Back to School
A Guide to Local Politics, Music, the Arts, and Pho
Back to School
By the Stranger Election Control Board
How Politics Work Round These Parts
If you're reading this at the University of Washington—a campus that proudly features a Red Square—it is easy to imagine Washington State as some sort of lefty paradise. Don't be fooled! Washington's political landscape is filled with a dizzying array of Republicans, not to mention Democrats who religiously vote with those Republicans.
Much of the problem stems from our state constitution, which defines three branches of government, each more ineffective than the last: the executive branch, the legislative branch, and the Seattle Times editorial board. Or so you'd think from reading the Seattle Times editorial board. Rule number one: Don't read the Seattle Times editorials. At least not if you're looking for even the slightest clue as to the true ideological leanings of a candidate or ballot measure.
How the state works: It's divided, politically and by a mountain range. The progressives rule the western side, and because there are more of us, progressives generally hold a majority of the legislature. That drives the conservatives over in the eastern hinterlands fucking crazy. (And all elected officials from Eastern Washington are fucking crazy.) But thanks to a so-called Roadkill Caucus of moderate Democrats, our legislature annually guts health care, the social safety net, and money for public universities. As if that's not bad enough, an initiative promoter named Tim Eyman routinely runs campaigns that seem appetizing—to cut taxes!—that end up fucking over the poor, the old, and students even more.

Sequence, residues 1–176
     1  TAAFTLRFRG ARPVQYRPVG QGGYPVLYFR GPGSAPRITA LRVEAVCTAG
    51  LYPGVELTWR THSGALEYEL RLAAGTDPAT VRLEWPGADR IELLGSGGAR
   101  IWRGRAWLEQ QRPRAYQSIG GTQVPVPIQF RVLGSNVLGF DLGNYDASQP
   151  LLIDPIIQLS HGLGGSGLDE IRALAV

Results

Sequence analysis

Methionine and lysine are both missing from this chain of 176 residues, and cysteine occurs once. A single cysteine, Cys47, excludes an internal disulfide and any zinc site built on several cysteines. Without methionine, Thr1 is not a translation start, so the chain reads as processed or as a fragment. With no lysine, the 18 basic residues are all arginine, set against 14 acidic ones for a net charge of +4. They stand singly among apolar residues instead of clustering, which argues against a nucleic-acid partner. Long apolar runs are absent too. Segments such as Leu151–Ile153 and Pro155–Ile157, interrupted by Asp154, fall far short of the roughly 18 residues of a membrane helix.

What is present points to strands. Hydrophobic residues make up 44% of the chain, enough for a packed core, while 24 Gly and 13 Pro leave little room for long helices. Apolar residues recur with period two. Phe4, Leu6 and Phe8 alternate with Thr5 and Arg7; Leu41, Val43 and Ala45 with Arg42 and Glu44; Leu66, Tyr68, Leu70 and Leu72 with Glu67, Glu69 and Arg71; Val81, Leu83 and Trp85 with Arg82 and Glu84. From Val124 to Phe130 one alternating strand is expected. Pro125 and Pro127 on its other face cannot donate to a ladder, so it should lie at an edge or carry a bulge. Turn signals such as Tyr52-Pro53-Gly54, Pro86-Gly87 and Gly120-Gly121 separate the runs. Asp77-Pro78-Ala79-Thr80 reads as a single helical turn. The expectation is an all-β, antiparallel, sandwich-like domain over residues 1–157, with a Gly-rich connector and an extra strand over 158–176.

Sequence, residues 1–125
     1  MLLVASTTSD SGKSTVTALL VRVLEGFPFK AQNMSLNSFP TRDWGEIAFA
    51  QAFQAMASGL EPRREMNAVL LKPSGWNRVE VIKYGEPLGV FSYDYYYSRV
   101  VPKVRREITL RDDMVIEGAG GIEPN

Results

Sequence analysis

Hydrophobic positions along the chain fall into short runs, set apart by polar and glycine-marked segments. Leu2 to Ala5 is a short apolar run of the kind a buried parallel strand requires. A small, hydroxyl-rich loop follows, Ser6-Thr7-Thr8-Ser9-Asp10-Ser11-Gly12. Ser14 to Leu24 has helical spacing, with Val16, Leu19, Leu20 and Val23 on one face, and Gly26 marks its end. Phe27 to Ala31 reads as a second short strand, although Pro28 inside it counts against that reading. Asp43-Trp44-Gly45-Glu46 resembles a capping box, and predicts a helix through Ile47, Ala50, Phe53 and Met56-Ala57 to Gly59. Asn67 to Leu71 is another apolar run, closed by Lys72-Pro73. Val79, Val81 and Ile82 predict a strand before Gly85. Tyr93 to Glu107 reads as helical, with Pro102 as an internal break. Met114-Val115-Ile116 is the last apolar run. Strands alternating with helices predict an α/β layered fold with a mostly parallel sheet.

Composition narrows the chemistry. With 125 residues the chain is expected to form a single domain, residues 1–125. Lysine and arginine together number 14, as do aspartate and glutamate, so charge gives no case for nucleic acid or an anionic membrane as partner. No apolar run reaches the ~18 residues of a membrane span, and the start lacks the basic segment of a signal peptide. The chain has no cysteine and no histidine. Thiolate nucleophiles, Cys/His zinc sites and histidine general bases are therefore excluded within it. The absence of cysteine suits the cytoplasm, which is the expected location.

How the county works: This is King County, which used to have a crown for its logo but now is named after the late Martin Luther King Jr. The county runs the Metro bus system, the court and jail system, and a damn fine health department. The county council is duller than a warm turd.
How the city works: Republicans can't get elected in Seattle, which means the liberals on our spectrum are really liberal. Case in point: Mayor Mike McGinn, an über-left-wing, sometimes-brash redhead who wants to put a bicycle on every road and drive the light rail directly into your garage. The city council members—while being Democrats, technically—are a mostly feckless band of suck-ups who do the bidding of downtown money. The council loves freeways and hates the mayor, and so does the Seattle Times, which, again, you should always ignore.
Know What You're Talking About
You probably have friends who are faggots and pot smokers—or perhaps you are a pot-smoking faggot. So we'll start there. The fall ballot is studded with an initiative to legalize same-sex marriage and another initiative to legalize the possession of marijuana (while licensing growers and sellers). Unless you're a bigot or a moron, you support both of them. There's also an initiative to permit charter schools, which use public money for private schools, which wealthy folks like Bill Gates adore. But studies show charter schools aren't any better than regular schools, so fuck 'em. Meanwhile, fuck the latest Tim Eyman initiative, I-1185. Also on the fall ballot is a race for governor that you'll hear a lot about. There's a Democrat who's dumb and handsome, Jay Inslee, and a Republican who's smart and wan, Rob McKenna. Vote for McKenna—if you oppose women's choice, want to repeal Obamacare, and think unions should be gutted.
Why You Should Register to Vote Here